Members receive access to a range of exclusive benefits such as events at the UN and across the United States, as well as opportunities to advocate, host Model UN conferences, and connect young professionals to UN experts.
Brooke Loughrin was the first-ever U.S. Youth Observer at the United Nations. She is a senior in the Presidential Scholars Program at Boston College where she studies Political Science and Islamic Civilizations and Societies. She is the Editor-in-Chief of Al-Noor: The Boston College Middle East and Islamic Studies Journal, and the Vice President of the Boston College Iranian Culture Club. Brooke is also an Undergraduate Research Fellow. Her research focuses on political cultures of the Middle East; comparative study of religion, civil society, and politics in the Middle East; and Iranâ€™s social history and contemporary domestic politics and foreign relations. In Boston, she volunteers for ACEDONE (African Community Economic Development of New England), Haley House, and in the Education Department of the Suffolk County House of Corrections.
Since 2005, she has also volunteered for the Fabric of Life Foundation, based in Seattle, Wa., which works to stop the begging cycle of poor girls on the streets of Mali, Africa. She has studied abroad in Visakhapatnam, India and Dakar, Senegal, and has traveled extensively in Iran, Turkey, Nicaragua, and Tajikistan.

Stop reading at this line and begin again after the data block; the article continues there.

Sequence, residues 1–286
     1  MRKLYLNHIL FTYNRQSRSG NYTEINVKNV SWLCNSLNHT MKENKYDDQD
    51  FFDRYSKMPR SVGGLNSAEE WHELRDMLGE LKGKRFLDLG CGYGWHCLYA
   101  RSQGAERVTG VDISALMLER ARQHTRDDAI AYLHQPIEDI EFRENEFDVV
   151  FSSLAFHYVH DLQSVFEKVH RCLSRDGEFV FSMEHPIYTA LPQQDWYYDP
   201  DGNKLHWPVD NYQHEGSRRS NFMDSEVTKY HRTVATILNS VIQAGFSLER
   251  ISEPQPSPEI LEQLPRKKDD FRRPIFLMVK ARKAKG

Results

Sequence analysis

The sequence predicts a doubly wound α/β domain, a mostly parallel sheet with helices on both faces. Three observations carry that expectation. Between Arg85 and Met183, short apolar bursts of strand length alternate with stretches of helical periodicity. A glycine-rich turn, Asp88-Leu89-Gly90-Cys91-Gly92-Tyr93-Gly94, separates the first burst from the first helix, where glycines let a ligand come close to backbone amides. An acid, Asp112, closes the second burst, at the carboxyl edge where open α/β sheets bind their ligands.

One of the highlights of my experience at the United Nations in Geneva has been the opportunity to meet with human rights defenders from a variety of countries to discuss their courageous efforts to advance the human rights of lesbian, gay, bisexual, and transgender (LGBT) people. Read more >>
Bonjour from Geneva! On my first overseas trip as the U.S. Youth Observer, I am spending one week at the U.S. Permanent Mission in Geneva, the United Statesâ€™ largest overseas multilateral diplomatic post, reporting on the range of important international issues covered at the United Nations and other international organizations in Geneva. Read more >>
Water is essential. In three days we die without it. Yet, nearly one billion people live without access to clean water. In India, Senegal and Tajikistan, I have experienced living without access to a reliable source of water, and in my volunteer work I continue to grapple with the alarming ways in which water scarcity can disarm efforts to solve global issues. Read more >>
In this past year, we have seen movements led by young people that have removed dictators and challenged financial systems, but can social media and new technology inspire movements to eliminate gender inequality, ensure access to health care, and provide education that prepares young people for decent work? Read more >>
I started my first day off at the UNA-USA Headquarters in NYC with a briefing from Leo Nevas Human Rights Fellow Ryan Kaminski. Ryan gave me an overview of all of the UN bodies and thematic issues related to human rights at the UN. One of the most exciting issues the UN is working on this year is a wide variety of initiatives to improve the status of women and girls. Read more >>